Rejoice In It
Let me set the scene. It’s the summer of 1987, around then, on the central east coast of Florida – specifically the town of Edgewater, about 20 miles north of Cape Canaveral. Most Monday through Friday afternoons would find me sitting in a small clubhouse on a side street off US 1, there with a bunch of people talking about trying to unscrew-up their lives. I was hoping to do that too.
Summer in Florida must feel like the steam used to turn a nuclear turbine, except more humid – and probably hotter. It’s hot. I note what’s common knowledge because once or twice a week these two guys would walk into that clubhouse meeting and sit in the back. Both these guys, late 20’s, early 30’s, were ditch diggers. They dug ditches for a living and mostly by hand in that Florida summer steam bath and they’d come in covered in brown dust with little riverlets of cleaned-off streaks where sweat had slipped through the dirt. You can probably picture that. Sorry, I don’t remember their names.
I point out these guys’ appearance because there was something striking in the fact that one of those two guys would raise his hand every time he showed up and every time he raised his hand and got called on to speak, he’d say the same thing: “This is the day the Lord hath made, and I will rejoice in it.” He said that every time.
Well, it took me a while to get past the “hath”, quite a while, but once I did, this guy, both of them, rejoicing in their days, kind of ‘no matter what’, that began to stick with me. These guys got around on bicycles and I know that because I had a pickup and loaded their bikes in the back in a thunderstorm once and drove them to the trailer which was their home. Them, no doubt, rejoicing all the way.
Last night, Monday night, I had some fairly wicked pain in my colon, I don’t really know that, somewhere down there, and I’ve had similarly located pains rarely but consistently as far back as I can remember. Kind of a Buddy Cushman idiosyncrasy. I mentioned it to Susan, whom I was sitting next to on the couch, and told her if I was scoring pain level on a one to 10 scale I’d give it a two and a half. Shortly thereafter I laid my head down on her knees and we watched a DVD episode of ‘Elementary’ during which I fell asleep, kind of a ritual for us most nights. When it was over I pulled myself up and there was a new pain, down low in my right side just over from the front and it was wicked, I could barely stand and barely move to rearrange all the books and notebooks that begin days on the coffee table and make journeys over the couch and recliner and get put to bed back where they began. I had the thought I may need to call 911. Then I had the thought I would ask Susan to call 911. Then I had the thought I would ask Susan to put a mask on my face before the ambulance folks hauled me out. Covid and all.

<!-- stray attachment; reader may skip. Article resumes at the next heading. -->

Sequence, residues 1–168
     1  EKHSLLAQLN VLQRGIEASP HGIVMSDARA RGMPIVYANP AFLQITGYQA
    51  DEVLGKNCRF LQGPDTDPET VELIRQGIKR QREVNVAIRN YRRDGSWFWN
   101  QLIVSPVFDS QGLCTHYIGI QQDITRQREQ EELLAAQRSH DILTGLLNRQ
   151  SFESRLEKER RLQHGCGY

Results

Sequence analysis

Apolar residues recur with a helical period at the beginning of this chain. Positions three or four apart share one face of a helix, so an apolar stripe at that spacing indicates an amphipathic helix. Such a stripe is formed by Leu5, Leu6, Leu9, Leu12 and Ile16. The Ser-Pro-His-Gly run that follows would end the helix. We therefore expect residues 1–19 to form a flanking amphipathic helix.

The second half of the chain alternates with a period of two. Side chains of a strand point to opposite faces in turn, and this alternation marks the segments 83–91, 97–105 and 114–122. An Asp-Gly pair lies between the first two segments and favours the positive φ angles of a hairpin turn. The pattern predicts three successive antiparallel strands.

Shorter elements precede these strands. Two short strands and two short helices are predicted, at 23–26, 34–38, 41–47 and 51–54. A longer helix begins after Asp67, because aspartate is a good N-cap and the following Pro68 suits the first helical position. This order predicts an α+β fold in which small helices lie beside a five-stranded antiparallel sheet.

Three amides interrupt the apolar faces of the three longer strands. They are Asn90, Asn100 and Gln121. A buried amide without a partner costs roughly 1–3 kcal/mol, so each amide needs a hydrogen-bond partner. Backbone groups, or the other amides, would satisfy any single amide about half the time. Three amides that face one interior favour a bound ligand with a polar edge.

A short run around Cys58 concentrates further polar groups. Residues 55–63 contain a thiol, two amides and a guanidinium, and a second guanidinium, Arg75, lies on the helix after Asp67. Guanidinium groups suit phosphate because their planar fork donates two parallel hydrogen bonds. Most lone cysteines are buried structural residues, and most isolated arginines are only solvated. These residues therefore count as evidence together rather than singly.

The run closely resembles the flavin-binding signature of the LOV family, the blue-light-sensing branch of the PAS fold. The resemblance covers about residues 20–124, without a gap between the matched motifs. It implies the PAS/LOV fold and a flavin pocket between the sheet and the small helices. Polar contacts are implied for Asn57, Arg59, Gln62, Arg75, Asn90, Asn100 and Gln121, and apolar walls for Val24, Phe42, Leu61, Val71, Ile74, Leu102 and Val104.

But instead I dragged myself upstairs and moaned a while and sat in the upstairs recliner very quietly and statue-like and slowly and surely the pain subsided. By the time I crawled into bed maybe half an hour later I would have scored it at .5, maybe a smidge higher. Which, the vanishing pain, did not keep the thought from my mind, or, I guess, probably traveling all through my heart and soul, that I might not wake up tomorrow. I think it’s a 72 year-old thought. I don’t remember having it at 27.
But then I did. I woke up tomorrow – which is today, Tuesday – and after a quick negative glimmer about some minor crap bothering me, the voice of the guy in Edgewater spoke clearly in my head. Crystal. – “This is the day the Lord hath made, and I will rejoice in it.” And right then, swear to God, I had a vision of Caspar the Friendly Ghost, the one in the Christina Ricci and Bill Pullman movie, drifting across the room, giving my right cheek a little pinch, and with his big smile saying, “You made it, Bro. You woke up. Again. You’re still here.”
An hour later I took a pic of myself in the morning recliner, after praying and meditating, after coffees and reading, after looking at an art book, and I posted it on Facebook with the caption “I’m still here.” I’d already made a decision, a vow, to rejoice in this day. This Tuesday. Rejoice all day today.
Maybe hold the hath.